Friday, January 29, 2016

Lead Us Not …

My friend and our brother at Keller, Louis Stein, presented this devotional message recently. I asked him if I could share it with you.
James 1: 2-4, 12
A minister parked his car in a no-parking zone. He was short on time and couldn’t find a space with a parking meter. So, he put a note under the windshield wiper that read: “I have circled the block a 100 times. If I don’t park here, I will miss my appointment. FORGIVE US OUR TRESPASSES.”
When he returned, he found a citation from a police officer along with this note. “I’ve circled this block for 10 years. If I don’t give you a ticket, I’ll lose my job. LEAD US NOT INTO TEMPTATION.”
James 1:2-3 says: “2Consider it all joy, my brethren, when you encounter various trials, 3knowing that the testing of your faith produces endurance.”
Temptation is one of our trials. We will experience trials. We all will be tempted. Adam and Eve were tempted in the garden, Eve by the serpent and Adam by Eve; temptation has been with us from the very beginning. Jesus was tempted in the Wilderness. Jesus resisted the temptation, Adam and Eve did not. What was the difference?
I believe attitude was the difference. Jesus did not face temptation with defeatism, but as an opportunity to turn to the scriptures for strength and understanding. Temptation is not sin, but succumbing to temptation is the start of sinning. Rather, temptation is testing and should be viewed as a chance to strengthen our faith. It has been said that “Temptation is to the Christian what a football game is to the trained athlete – an opportunity to prove their ability to win.” When you resist temptation, as James 1:3 says, you show your endurance. And then, the endurance can lead to the desired outcome:     James 1:4 “And let endurance have its perfect result, so that you may be perfect and complete, lacking in nothing.”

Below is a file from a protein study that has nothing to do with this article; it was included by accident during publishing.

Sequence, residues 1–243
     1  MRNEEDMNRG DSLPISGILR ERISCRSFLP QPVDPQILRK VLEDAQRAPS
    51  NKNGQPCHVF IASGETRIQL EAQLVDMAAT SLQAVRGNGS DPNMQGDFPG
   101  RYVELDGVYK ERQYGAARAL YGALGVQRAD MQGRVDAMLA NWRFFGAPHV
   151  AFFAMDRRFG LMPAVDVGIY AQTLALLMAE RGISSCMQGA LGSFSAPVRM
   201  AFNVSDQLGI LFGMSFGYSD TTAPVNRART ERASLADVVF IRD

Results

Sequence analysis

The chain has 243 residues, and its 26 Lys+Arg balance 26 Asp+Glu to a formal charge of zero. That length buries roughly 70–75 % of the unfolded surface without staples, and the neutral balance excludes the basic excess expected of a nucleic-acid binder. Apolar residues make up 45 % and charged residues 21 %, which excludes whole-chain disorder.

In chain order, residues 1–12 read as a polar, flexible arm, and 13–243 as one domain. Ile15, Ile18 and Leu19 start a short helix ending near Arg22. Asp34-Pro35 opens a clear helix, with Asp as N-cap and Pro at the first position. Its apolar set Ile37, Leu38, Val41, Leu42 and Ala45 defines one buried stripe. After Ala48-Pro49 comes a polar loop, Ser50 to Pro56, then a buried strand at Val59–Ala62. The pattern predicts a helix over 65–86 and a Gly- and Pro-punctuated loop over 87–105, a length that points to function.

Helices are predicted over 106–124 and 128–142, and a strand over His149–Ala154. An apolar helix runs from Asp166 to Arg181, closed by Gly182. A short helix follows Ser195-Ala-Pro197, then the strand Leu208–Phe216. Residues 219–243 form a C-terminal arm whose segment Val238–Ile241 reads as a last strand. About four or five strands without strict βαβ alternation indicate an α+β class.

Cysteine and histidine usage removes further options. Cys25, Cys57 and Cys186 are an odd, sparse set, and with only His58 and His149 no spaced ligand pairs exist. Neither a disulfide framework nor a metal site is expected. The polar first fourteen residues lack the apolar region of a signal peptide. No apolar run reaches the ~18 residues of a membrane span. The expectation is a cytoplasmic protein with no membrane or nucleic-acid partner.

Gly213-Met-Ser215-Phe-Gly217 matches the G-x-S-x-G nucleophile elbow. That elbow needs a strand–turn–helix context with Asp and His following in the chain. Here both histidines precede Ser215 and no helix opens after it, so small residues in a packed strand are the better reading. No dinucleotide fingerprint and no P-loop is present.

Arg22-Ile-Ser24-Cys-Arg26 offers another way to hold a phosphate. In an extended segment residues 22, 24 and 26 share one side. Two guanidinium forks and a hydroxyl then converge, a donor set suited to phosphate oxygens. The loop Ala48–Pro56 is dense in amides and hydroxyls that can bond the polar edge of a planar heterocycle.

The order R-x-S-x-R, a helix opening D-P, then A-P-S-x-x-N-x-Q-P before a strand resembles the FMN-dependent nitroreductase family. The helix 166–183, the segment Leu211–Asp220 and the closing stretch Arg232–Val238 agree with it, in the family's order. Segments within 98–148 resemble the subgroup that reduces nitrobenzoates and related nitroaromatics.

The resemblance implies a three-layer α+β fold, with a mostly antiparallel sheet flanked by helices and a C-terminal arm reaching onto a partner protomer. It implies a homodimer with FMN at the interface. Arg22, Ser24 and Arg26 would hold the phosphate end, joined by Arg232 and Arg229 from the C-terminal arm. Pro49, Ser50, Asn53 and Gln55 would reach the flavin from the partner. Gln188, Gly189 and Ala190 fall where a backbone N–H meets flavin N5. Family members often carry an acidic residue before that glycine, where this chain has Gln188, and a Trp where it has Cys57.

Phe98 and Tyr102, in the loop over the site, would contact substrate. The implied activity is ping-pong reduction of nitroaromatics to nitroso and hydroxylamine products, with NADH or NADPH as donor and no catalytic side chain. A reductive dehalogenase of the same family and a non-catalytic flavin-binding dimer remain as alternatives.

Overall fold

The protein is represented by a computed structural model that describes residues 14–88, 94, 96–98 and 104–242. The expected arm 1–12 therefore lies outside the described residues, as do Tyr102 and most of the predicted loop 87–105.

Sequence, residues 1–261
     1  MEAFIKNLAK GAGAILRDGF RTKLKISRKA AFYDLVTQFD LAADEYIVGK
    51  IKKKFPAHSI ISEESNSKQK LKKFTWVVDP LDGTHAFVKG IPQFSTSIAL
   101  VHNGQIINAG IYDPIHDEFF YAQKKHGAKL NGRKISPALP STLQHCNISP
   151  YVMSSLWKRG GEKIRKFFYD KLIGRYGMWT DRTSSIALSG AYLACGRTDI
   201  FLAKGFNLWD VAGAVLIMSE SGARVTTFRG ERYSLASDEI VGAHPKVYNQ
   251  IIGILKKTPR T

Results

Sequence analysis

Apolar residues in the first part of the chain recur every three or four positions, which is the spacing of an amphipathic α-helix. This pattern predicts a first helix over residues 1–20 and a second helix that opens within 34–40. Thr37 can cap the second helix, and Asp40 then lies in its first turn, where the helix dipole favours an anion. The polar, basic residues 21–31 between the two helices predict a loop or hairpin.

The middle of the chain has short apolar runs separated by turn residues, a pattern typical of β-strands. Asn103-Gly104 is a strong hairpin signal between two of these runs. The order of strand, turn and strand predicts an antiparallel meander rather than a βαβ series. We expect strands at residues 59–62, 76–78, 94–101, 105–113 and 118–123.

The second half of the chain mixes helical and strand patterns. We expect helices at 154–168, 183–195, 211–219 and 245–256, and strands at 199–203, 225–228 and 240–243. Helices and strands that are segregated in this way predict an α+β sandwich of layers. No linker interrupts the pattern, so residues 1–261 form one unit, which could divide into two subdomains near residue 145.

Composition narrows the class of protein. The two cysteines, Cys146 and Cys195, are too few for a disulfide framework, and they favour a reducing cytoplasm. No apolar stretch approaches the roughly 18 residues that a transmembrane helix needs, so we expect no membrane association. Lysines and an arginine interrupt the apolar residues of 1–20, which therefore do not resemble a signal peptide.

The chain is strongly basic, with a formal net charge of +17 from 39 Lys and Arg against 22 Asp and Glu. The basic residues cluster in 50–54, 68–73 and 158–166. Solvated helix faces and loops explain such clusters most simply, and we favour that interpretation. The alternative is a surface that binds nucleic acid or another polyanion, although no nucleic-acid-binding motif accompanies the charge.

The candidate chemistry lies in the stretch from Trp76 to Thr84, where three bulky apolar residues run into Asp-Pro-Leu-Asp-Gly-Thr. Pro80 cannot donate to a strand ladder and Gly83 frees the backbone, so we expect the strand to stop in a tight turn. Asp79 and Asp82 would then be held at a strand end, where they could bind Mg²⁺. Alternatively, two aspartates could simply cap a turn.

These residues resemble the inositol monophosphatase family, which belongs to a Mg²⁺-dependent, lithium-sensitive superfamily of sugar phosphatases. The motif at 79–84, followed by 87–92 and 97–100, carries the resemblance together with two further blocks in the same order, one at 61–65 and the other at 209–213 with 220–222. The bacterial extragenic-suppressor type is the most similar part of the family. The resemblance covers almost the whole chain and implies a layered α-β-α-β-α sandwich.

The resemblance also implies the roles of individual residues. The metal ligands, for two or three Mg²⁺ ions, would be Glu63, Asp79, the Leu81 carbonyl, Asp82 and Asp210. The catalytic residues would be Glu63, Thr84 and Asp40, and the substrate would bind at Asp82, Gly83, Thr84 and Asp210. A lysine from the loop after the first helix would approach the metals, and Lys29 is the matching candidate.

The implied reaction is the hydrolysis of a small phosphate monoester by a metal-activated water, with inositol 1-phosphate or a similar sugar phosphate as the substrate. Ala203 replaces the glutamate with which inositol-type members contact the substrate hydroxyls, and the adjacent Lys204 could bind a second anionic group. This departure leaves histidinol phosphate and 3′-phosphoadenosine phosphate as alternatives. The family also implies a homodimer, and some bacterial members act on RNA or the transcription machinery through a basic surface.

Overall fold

When you are tested by temptation and resist, you gain endurance, for we know that we will be tested again. You gain maturity and grow stronger in your faith (“…so that you may be perfect and complete”), You gain independence as your endurance and faith increase (“…lacking in nothing”). You are responsible for your temptation, regardless of where it comes from. And when you have successfully resisted the temptations of this life, at the right time in God’s plan, you will receive from Jesus your just reward.   James 1: 12  “Blessed is a man who perseveres under trial; for once he has been approved, he will receive the crown of life which the Lord has promised to those who love Him.”

Thursday, January 21, 2016

Public School, Required Reading, and Christian Parenting

This post is written by my colleague and friend, Spencer Ross. I am grateful and glad to share it.
          Should I send my kids to public or private school? In this twisted world, should I just home school my kiddos? Every Christian family must honestly consider each option and choose the best route for them. A majority of Christians opt to utilize the public school option.  This comes with a price (other than paying your taxes). Our schools do not teach and view the world through the lens of Christianity. For many different reasons, public education is immersed in secularism.
          At the end of summer, I often ask students if they are ready for the new school year. Most of them are hesitant to say “yes” because they have not finished their dreaded required summer reading. Most school districts have similar recommend reading lists that teachers will use for their student’s required reading.
          Recently, one parent at the church where I labor noticed the content of one of the books his daughter was reading. The book was Anthem by Ayn Rand. The messages in the book were very disturbing to this Christian father.  Anthem promotes human autonomy, freedom from any higher authority than oneself, and the view that the author herself is “god.” This book denies the need to serve others unselfishly and calls the reader instead to live a self-centered, self-serving life. It presents a philosophy or belief system regarding deity, humanity, self, others, and the meaning of life. In that sense it is a religious book. Atheism, as well as theism, is a faith system or worldview.